Traders said Friday that Ukraine’s agriculture ministry would ban exports of wheat from Nov. 15 after bad weather hit the harvest, pushing up global wheat futures prices even though traders had expected the move.
The ministry, however, is sticking to its earlier formula of allowing traders to export up to a total of five million tonnes of wheat in the current season, the trading sources said.
It was unclear whether the Nov. 15 cutoff point would apply to the signing of export contracts or would mean an immediate halt to physical shipments of wheat.
The wheat harvest has been down by a third this year because of bad weather, and grain traders, suspecting an imminent curb on exports, have been rushing to speed up shipments abroad.
"This comes as no surprise. The ban was inevitable. Everybody knew and everybody has understood," said one major foreign trader.
Ministry officials could not be reached for comment.
The ministry later said in a statement that the high pace of wheat exports would exhaust stocks of Ukrainian wheat available for shipping abroad by Nov. 15-20, and it urged traders to be cautious in concluding new contracts.
Such a timeline appeared to put at risk a wheat purchase by Egypt’s GASC, the main state wheat buyer in Egypt, which is the world’s top importer of the grain. The group bought 55,000 tonnes of Ukrainian origin wheat in mid-September as part of a larger tender purchase for shipment Nov. 21-30.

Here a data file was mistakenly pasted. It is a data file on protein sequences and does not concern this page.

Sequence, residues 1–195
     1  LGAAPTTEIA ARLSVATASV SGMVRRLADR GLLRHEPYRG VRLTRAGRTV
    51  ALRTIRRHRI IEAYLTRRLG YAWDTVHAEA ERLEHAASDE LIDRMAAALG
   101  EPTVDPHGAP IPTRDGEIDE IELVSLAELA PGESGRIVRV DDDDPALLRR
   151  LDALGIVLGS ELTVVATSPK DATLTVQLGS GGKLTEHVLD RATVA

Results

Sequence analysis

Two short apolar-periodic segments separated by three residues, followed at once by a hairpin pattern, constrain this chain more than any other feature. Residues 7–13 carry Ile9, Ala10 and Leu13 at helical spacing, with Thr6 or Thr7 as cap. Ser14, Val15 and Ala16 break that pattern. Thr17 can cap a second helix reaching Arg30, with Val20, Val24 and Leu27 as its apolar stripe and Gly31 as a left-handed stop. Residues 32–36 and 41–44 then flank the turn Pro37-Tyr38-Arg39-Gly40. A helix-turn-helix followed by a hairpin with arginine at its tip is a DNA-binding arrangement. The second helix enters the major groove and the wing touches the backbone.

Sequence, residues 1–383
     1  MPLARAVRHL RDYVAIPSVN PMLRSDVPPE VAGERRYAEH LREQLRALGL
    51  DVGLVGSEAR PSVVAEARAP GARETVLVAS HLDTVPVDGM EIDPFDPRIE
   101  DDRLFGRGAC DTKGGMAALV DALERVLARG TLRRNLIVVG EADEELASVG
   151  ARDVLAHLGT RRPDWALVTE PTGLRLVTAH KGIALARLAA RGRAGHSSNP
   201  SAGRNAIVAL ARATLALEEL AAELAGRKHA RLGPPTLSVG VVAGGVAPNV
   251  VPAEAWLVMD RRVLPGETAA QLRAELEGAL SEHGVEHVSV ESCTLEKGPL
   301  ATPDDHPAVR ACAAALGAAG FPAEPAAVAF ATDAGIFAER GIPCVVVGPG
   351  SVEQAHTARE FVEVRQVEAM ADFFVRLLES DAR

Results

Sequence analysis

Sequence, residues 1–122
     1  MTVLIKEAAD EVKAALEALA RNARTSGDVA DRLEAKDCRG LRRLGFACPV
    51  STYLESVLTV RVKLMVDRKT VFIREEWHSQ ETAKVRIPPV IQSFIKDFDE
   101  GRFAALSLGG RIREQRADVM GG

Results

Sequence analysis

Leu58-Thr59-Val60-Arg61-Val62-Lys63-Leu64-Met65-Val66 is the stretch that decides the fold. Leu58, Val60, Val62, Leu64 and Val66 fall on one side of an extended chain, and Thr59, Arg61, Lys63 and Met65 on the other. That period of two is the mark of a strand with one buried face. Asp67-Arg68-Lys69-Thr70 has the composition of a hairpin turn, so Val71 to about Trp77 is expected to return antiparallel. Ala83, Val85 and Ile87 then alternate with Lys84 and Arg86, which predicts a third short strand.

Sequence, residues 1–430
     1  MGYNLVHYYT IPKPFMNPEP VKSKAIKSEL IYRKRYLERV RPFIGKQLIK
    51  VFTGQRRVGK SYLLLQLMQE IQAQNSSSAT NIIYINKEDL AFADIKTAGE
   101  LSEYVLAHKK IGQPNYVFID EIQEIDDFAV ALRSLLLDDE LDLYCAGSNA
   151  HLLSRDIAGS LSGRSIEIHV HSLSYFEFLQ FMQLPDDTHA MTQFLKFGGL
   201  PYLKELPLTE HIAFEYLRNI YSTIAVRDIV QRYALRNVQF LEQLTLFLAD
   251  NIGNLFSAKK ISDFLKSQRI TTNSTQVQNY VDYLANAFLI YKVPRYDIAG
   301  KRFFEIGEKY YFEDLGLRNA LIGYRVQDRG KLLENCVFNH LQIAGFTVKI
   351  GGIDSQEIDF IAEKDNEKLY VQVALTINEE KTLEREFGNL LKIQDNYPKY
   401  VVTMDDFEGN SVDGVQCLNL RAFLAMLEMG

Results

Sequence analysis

"There has not yet been any official notification by the Ukrainian government to issue an export ban, and such talk is being said by traders seeking to increase prices," said Nomani Nomani, vice-chairman of GASC.
Ukraine’s agriculture ministry said traders had doubled monthly wheat exports this season compared with last year’s level to about 1.3 million tonnes per month.
It said traders had already signed contracts to export a total of 5.4 million tonnes — more than the agreed five million tonnes volumes.
Traders "need to carefully approach continuing concluding contracts," the ministry said.
"OK, it’s done"
According to its data, Ukraine exported a total of 7.1 million tonnes of grain as of Oct. 18, including 3.57 million tonnes of wheat, 1.44 million tonnes of barley and 2.01 million tonnes of maize.
Farm Minister Mykola Prysyazhnyuk has said that Ukraine would consider imposing limits if the high level of exports threatened to push up the price of bread at home.
The move drove up U.S. and European wheat futures by more than one per cent.
"You saw the initial reaction of the market, it was higher, but we’re off the highs, so I don’t think it’s a surprise that there’s some sort of restriction out of Ukraine, the market has been anticipating this," a European trader said.
"Last week we had someone from the ministry going up to five million tonnes. I still think it’s the five million tonnes number, after which they will say ‘OK, it’s done,’" he added.
Ukraine, which consumes 12 million tonnes of wheat, harvested 15.5 million tonnes in clean weight this year.
According to traders, it has exported about 3.5 million tonnes of wheat so far this season, and the former Soviet republic has enough port capacity to export an additional 1.5 million tonnes.
— Pavel Polityuk writes for Reuters from Kiev. Additional reporting for Reuters by Sarah McFarlane in London and Yasmine Saleh in Cairo.